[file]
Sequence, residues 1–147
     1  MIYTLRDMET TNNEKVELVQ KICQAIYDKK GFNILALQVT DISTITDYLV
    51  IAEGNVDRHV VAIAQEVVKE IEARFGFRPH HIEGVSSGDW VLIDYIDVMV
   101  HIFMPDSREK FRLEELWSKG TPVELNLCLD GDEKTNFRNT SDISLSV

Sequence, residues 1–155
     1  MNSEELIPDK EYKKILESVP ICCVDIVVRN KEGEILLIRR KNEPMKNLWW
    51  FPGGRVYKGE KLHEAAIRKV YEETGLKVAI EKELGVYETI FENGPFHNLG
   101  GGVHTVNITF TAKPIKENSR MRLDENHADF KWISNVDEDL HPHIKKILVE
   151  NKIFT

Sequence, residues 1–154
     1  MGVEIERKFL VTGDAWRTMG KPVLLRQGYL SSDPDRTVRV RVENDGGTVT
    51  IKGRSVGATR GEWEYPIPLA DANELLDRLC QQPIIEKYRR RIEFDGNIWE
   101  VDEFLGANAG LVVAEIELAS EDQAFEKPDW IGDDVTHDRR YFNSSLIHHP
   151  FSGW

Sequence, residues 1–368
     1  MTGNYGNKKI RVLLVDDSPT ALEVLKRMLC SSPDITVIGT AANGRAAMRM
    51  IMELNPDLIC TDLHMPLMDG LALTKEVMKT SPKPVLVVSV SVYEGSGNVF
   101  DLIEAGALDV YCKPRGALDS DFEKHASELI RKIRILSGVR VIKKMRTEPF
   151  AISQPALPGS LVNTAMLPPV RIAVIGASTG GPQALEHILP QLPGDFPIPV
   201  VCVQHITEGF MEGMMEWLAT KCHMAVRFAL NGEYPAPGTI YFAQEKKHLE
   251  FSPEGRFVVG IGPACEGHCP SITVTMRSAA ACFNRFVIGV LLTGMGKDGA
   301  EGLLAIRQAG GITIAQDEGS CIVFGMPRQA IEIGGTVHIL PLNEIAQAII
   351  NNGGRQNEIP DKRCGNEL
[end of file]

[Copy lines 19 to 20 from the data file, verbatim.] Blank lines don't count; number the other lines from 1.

   151  AISQPALPGS LVNTAMLPPV RIAVIGASTG GPQALEHILP QLPGDFPIPV
   201  VCVQHITEGF MEGMMEWLAT KCHMAVRFAL NGEYPAPGTI YFAQEKKHLE